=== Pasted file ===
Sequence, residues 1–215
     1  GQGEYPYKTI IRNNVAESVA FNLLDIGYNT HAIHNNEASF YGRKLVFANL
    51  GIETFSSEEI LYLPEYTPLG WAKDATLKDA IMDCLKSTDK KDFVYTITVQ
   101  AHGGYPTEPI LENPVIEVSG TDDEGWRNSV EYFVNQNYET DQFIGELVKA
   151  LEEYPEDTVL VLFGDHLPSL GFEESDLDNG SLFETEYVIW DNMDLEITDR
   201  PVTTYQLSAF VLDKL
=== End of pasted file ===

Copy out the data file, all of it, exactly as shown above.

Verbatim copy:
Sequence, residues 1–215
     1  GQGEYPYKTI IRNNVAESVA FNLLDIGYNT HAIHNNEASF YGRKLVFANL
    51  GIETFSSEEI LYLPEYTPLG WAKDATLKDA IMDCLKSTDK KDFVYTITVQ
   101  AHGGYPTEPI LENPVIEVSG TDDEGWRNSV EYFVNQNYET DQFIGELVKA
   151  LEEYPEDTVL VLFGDHLPSL GFEESDLDNG SLFETEYVIW DNMDLEITDR
   201  PVTTYQLSAF VLDKL